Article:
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Intern Spotlight

An intern in the housing industry

June 3, 2019
Folu Koiki, Intern
Folu Koiki


The housing industry is like an iceberg — you can see 10% of it, but most people don’t know what’s going on beneath the surface. During my Future Housing Leaders internship at Capital One’s Commercial Bank, I peeked below the surface. And let me tell you, there’s a LOT more to the housing industry than I originally thought. It’s a surprisingly complex system with major players working on all sides to provide affordable housing for people like you and me. That’s a mouthful, but it’s also the truth. That’s right — it’s an industry with a positive impact. This blog post will be a lot about my experience as a Future Housing Leaders intern with Capital One and a little bit about what I learned during that internship.

Let’s start with my time at Capital One. I was an intern in their Multifamily Commercial Real Estate line of business on their capital markets team. The first day I came in, they had me sit in on a CMBS (commercial mortgage-backed security) trade run through a Bloomberg terminal. They talked to me about spreads, bps, and the like. If you’re lost after reading that sentence, you feel exactly how I felt. I honestly thought I had picked the wrong internship. But before I left, my boss pulled me over and made my day. He told me that he knew I didn’t know what was going on, but if I applied myself, I’d be up to speed in no time. He was right. Three weeks later, I knew the terminology and the basics of what was going on. Six weeks later, I was asking intelligent questions pushing the boundaries of what literature had taught me. And by the end of my internship, I was writing commentary on how market news, interest rates, and other companies’ trades would affect the profitability of our upcoming trades.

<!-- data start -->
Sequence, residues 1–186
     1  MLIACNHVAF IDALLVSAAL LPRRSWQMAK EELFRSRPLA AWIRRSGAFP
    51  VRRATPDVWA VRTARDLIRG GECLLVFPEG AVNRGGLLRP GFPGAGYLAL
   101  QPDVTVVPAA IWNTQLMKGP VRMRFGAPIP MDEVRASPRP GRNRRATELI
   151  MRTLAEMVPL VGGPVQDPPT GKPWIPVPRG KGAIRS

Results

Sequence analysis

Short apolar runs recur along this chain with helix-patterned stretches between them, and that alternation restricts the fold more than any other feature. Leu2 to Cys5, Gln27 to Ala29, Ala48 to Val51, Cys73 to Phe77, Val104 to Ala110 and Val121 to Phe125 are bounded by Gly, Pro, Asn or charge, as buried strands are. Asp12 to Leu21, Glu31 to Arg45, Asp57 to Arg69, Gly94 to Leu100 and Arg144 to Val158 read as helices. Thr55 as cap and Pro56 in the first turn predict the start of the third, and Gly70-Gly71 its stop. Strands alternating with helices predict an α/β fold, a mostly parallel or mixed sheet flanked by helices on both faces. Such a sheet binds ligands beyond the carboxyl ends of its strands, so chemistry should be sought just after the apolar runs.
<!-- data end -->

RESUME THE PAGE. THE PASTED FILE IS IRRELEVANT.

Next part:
My experience at Capital One highlights the overarching theme within the finance industry. There is a learning curve to really understand what’s going on. However, once you do, you really start to understand the “why” of finance and its positive impact. I came out of my internship with the understanding that Capital One’s loan business only exists because the government wants to make housing more affordable. Without this internship, this fact and many others about housing would be lost to me.

Through my internship at Capital One, I was involved in the Future Housing Leaders program, which was a great resource of information for me. The program provided videos that brought together the information I needed and connected me to individuals in the program across different companies. For me, the big draw of this program is its potential to increase the pipeline for diverse talent in the housing industry. If you think about it, the demographics of homeowners across America reflects the ethnic diversity of our country. So, the companies working to help those people get loans should also reflect the same diversity. This ensures fair representation for all and will help housing firms better serve their customers.

All in all, the housing industry is an interesting place. There is a lot of information people don’t know and a significant learning curve to get up to speed, but I encourage you to learn more about it and enter it if you have the chance. Take advantage of your resources, whether it be an internship through a program like Future Housing Leaders, another internship, or your network. Take a peek below the surface and start to study the 90% of the iceberg you cannot see. However, no matter where you end up, make sure you dive into it headfirst, make mistakes, and grow. Strive for greatness.